The majority (Lords Hamblen, Leggatt and Kerr) agreed with the Court of Appeal that on a proper construction of the Contract there had been no express or implied choice of Russian law to govern the Contract itself. The majority concluded that the Contract was governed by Russian law by virtue of Article 4(3) of the Rome I Regulation (on the basis that the Contract was more closely connected with Russia than with any other country). As for the Arbitration Agreement, it had its closest and most real connection with the law of the seat, which was English law. Therefore, although the Supreme Court took a different approach to the Court of Appeal in respect of the determination of the law governing the arbitration agreement, the Supreme Court came to the same conclusion on which system of law governed the Arbitration Agreement in this case.

The anti-suit injunction

In its appeal, Chubb Russia argued that the Court of Appeal was wrong to grant an injunction to restrain Chubb Russia from pursuing the Russian Court Claim in alleged breach of the Arbitration Agreement. According to Chubb Russia, as the Arbitration Agreement was governed by Russian law, it would have been just and convenient for the English court to stay the English proceedings to allow the Russian court to determine whether it had jurisdiction to hear the Russian Court Claim.

The Supreme Court affirmed the Court of Appeal’s decision that, in principle, it makes no difference whether an arbitration agreement is governed by English or foreign law. Forum conveniens, which is an issue that goes to the court’s jurisdiction, is not relevant either. The issues to determine are as follows: whether there was a breach of the arbitration agreement and, if so, whether it is just and convenient to grant an injunction to restrain that breach. While there may be circumstances in which it would be appropriate to await a decision of a foreign court before granting an injunction (e.g. if the scope of the arbitration agreement was due to be determined by the highest court in the relevant country in the near future), deference to foreign courts should generally give way to upholding the importance of the parties’ bargain.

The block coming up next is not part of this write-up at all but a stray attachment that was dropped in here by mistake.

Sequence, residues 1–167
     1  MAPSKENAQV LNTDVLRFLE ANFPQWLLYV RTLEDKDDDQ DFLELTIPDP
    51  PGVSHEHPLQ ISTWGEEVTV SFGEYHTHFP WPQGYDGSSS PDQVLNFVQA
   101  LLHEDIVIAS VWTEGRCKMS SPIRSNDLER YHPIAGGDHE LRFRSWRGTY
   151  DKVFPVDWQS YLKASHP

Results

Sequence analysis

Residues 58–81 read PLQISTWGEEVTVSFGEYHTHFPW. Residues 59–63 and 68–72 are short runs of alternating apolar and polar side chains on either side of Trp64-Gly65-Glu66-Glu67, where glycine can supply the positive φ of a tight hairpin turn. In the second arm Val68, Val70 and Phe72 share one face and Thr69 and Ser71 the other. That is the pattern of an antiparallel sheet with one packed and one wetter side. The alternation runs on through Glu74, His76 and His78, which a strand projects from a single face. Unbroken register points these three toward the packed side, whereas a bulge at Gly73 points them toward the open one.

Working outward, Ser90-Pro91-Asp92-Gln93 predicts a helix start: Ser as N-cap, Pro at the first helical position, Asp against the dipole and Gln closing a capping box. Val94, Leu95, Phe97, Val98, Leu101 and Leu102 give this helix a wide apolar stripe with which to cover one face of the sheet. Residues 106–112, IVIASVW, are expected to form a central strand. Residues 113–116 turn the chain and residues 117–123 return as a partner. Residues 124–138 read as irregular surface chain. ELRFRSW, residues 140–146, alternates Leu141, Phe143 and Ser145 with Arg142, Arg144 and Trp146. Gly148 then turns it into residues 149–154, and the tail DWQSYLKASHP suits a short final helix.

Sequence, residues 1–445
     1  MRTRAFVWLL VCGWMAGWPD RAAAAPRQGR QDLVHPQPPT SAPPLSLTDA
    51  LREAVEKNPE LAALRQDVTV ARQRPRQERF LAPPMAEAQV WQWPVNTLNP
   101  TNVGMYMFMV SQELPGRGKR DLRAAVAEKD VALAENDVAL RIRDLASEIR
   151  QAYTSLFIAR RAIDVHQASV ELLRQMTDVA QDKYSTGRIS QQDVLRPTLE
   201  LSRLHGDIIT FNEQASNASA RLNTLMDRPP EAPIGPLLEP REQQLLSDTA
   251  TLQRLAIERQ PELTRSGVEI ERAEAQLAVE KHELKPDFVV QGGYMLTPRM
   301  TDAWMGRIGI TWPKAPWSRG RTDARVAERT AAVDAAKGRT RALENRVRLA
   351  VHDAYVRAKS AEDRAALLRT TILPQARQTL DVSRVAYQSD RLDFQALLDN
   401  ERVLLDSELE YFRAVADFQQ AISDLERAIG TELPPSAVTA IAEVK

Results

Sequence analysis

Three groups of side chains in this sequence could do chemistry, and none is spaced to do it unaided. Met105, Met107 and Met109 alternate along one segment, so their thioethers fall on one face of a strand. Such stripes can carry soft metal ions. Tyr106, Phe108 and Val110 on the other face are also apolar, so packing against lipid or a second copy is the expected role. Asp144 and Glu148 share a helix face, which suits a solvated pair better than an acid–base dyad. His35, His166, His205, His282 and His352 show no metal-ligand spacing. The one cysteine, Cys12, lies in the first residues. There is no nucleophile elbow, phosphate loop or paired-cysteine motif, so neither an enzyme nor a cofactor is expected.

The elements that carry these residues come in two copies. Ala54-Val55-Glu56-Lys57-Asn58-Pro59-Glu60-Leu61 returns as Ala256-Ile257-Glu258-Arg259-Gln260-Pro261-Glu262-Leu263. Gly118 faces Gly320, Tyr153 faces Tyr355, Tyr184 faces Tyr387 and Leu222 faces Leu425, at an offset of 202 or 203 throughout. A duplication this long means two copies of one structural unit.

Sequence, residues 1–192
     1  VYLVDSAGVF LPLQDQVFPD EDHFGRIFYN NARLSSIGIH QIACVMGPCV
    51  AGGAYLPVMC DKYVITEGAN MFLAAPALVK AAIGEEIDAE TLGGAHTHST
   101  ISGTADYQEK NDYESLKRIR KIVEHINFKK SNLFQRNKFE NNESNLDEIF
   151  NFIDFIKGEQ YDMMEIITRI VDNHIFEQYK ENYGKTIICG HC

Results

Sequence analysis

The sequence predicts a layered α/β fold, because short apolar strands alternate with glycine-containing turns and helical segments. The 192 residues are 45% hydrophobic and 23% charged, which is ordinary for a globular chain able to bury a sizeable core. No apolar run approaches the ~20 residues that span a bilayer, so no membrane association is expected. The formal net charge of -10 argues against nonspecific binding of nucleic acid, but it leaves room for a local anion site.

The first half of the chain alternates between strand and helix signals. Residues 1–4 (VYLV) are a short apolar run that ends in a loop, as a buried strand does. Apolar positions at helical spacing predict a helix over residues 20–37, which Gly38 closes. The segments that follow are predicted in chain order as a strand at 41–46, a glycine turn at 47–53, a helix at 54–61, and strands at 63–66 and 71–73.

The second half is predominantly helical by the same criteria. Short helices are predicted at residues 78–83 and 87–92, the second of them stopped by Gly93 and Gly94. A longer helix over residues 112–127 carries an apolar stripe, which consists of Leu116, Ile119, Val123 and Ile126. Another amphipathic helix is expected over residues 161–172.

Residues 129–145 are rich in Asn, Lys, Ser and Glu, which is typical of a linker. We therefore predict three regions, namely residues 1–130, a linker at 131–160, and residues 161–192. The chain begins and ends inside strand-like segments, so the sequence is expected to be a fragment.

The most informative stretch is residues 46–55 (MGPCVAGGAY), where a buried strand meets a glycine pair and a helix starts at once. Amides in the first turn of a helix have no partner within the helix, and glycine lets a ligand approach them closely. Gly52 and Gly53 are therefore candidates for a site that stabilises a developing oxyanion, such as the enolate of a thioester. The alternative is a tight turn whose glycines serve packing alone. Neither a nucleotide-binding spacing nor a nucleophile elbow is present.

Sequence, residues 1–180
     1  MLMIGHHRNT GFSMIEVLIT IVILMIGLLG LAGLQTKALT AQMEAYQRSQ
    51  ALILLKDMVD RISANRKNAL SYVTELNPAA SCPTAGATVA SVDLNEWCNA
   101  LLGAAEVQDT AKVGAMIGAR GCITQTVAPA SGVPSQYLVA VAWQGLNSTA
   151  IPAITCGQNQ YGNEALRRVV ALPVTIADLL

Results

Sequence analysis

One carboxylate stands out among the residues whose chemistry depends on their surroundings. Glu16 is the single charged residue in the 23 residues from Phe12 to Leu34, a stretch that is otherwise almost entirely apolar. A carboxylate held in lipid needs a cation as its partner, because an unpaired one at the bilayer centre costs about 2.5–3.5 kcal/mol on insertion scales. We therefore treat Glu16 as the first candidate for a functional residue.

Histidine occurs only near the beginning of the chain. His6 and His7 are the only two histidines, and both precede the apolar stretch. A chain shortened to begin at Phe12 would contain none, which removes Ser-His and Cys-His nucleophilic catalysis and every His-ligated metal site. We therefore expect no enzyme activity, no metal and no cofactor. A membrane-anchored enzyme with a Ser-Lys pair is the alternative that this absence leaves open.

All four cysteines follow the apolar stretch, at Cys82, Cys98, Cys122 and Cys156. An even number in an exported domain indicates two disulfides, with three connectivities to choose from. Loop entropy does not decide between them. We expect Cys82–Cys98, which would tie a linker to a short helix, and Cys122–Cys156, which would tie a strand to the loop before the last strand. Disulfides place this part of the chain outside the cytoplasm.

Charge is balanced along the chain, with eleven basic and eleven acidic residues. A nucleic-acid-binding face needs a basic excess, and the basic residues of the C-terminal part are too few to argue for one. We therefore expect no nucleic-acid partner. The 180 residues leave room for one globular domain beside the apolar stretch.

Dissenting views of Lords Burrows and Sales

Lords Burrows and Sales agreed with the majority that, if the parties expressly or impliedly choose the law of the contract, this choice also applies to the arbitration agreement. However, they dissented on what the default position should be in the absence of such choice, taking the view that despite a different seat for the arbitration, the arbitration agreement will usually also have the closest and most real connection with the law of the main contract.


The Supreme Court’s decision has introduced much-needed clarity on the question of which law shall govern the arbitration agreement. This is welcome news for the international arbitration community, setting aside previous uncertainty on this point and putting in place a clear and straightforward approach. This pro-arbitration decision provides welcome certainty that the law of the contract will usually govern the arbitration agreement itself and recognises that the willingness of the English courts to uphold the parties’ bargain on forum is an important reason why parties choose to arbitrate in England.